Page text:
There is a growing mountain of research. But there is increased evidence that we are being bogged down today as specialization extends. The investigator is staggered by the findings and conclusions of thousands of other workers-conclusions which he cannot find time to grasp, much less to remember, as they appear. Yet specialization becomes increasingly necessary for progress, and the effort to bridge between disciplines is correspondingly superficial.

~ Vannevar Bush from, As We May Think

Bush played a complex role in the history of the United States. (It’s better if you form your own opinion about him and his work.) His short essay from about 80 years ago is these days seen by technophiles as heralding our own, current Internet and information age. In particular, a lot is read into Bush’s description of a desk which behaves like our modern Internet, information systems, and data processing. That’s fine. It’s like reading 80-year-old science fiction that became science fact.

Much more interesting to me is the point that with just a bit of squinting, it looks like nothing has changed in 80 years. Everything about this—the mountain of information, the tools [eg, Bush’s imagined desk, our internet], the people feeling overloaded, the specialization—feels fractal.


Curated and random

I recall a little sign which was sometimes spotted on desks, back in the before-times when everyone had a desk and papers and ring-binders and books and a telephone that also sat upon that desk. The sign was: “A messy desk is a sign of genius.” (And sometimes it said, “…of a creative mind.” )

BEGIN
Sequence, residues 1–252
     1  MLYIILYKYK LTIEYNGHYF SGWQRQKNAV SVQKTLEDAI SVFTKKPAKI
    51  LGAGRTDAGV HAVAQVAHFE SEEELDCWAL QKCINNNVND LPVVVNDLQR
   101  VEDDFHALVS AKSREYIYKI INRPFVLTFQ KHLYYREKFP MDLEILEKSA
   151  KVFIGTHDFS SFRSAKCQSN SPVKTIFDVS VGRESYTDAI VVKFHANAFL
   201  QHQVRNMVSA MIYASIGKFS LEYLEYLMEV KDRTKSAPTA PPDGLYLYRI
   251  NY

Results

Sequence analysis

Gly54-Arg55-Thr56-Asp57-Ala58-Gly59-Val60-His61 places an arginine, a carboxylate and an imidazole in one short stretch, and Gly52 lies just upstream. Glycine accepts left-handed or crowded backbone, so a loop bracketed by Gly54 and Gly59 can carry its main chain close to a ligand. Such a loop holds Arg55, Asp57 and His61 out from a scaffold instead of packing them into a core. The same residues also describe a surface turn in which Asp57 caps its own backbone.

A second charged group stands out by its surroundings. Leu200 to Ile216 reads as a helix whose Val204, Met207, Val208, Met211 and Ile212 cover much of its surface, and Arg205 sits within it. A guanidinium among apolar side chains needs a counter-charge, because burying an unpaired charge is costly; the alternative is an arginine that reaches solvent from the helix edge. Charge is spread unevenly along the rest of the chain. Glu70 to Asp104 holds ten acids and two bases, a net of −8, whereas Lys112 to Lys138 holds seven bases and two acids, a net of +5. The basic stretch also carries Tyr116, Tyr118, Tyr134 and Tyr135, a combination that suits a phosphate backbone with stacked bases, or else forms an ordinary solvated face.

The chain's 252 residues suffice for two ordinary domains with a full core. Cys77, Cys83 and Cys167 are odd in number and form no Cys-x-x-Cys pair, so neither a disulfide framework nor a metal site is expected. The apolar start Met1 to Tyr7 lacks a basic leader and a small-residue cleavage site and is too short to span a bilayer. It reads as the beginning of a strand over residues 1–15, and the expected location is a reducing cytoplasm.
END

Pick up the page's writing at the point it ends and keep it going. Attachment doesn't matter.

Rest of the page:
I’ve had a lot of desks. In every case, I’ve always swerved repeatedly between messy and organized. I get to a point where—sometimes with a literal scream—I stop working and reorganize everything. For a long time, I hoped that one day I would manage to be just comfortable enough, with just the right amount of clutter and chaos, to be able to reach a steady state.

One detail that drives me bonkers is in the digital realm, computers are perfectly organized. I use a tool (called Reeder) to manage a read-this-later collection. It’s a big collection often reaching 500 different things marked as possibly interesting. (Some are interesting enough to spend a few minutes on, some are interesting enough to spend hours on.) Sometimes I’ll randomly shuffle things in a digital list. But sometimes… the list is just ordered the way you assemble it. And you can look at the list in forward or reverse order. This gets to me. If it’s a big list, neither forwards or backwards is best. So instead, I do both: I read the item off one end (the thing that’s been in the list longest) and then the other (the newest), and I just alternate in a reading session.

Perhaps this seems like a silly or trivial thing to point out. But there’s a bigger lesson: Where do I have some specific structure (organization, ordering, etc.) that I didn’t actually intend? …is that structure holding me back or keeping me from experiencing something I’d prefer?